The Oxford Dictionary defines borderline personality disorder as, “a personality disorder characterized by severe mood swings, impulsive behavior, and difficulty forming stable personal relationships.” Therefore, petulant borderline personality disorder describes someone who experiences severe mood swings and who is generally unpleasant to be around. Specifically, petulant borderline personality disorder, as we have discussed, involves people who:
[A]re often critical, pessimistic, and easily disappointed. They may feel offended and decide to react out of rage or anger. Feeling unwanted, unloved, or unworthy are all big trigger points for these individuals.
So… Just What IS Petulant Borderline Personality Disorder?
Now that we’ve covered some basics, we’re going to dive into the specifics relating to petulant borderline personality disorder. Petulant BPD, as it’s also known, is one of four defined borderline personality disorders. Those who suffer from this condition can have a very hard time diagnosing the problem, as the characteristics of it can easily be confused with other challenges.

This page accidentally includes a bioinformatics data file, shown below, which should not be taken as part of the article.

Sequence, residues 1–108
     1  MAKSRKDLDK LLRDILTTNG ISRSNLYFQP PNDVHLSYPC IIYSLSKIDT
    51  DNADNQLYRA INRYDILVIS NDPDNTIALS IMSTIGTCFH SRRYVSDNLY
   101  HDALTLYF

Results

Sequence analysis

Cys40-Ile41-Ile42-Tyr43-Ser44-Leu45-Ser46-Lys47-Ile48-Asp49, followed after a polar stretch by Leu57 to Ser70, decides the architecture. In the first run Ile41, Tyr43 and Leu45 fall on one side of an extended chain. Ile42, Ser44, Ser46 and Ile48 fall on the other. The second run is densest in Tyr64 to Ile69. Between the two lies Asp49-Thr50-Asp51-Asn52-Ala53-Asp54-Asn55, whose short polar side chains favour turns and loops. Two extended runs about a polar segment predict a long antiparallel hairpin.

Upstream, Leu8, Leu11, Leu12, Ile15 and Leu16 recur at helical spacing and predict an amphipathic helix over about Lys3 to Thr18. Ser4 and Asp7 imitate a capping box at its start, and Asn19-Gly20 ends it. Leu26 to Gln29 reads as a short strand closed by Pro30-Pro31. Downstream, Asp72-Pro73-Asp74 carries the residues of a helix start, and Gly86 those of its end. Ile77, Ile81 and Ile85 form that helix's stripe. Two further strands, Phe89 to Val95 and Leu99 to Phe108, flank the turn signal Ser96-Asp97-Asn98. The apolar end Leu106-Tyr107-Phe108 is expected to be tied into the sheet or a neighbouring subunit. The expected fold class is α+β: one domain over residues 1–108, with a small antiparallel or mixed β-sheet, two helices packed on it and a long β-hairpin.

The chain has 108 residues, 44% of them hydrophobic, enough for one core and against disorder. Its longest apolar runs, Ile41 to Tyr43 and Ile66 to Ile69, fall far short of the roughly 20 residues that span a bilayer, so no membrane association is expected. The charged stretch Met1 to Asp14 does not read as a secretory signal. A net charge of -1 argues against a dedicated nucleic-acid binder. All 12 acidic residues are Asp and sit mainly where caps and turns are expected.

However, someone who suffers from petulant borderline personality disorder tends to have a strong instinct and/or need to manipulate others in relationships. They also have an obsessive need for control in those relationships and they often quickly express extreme dissatisfaction with others when they decide that they are disappointed in something. Those with petulant borderline personality disorder are also generally quite possessive with regards to the relationships of others.
These tendencies often play out by way of random and intense outbursts of anger coupled with an inability or seeming lack of interest in expressing feelings. One of the underlying factors of petulant BPD is an extreme fear of abandonment that can motivate these actions many times in the first place.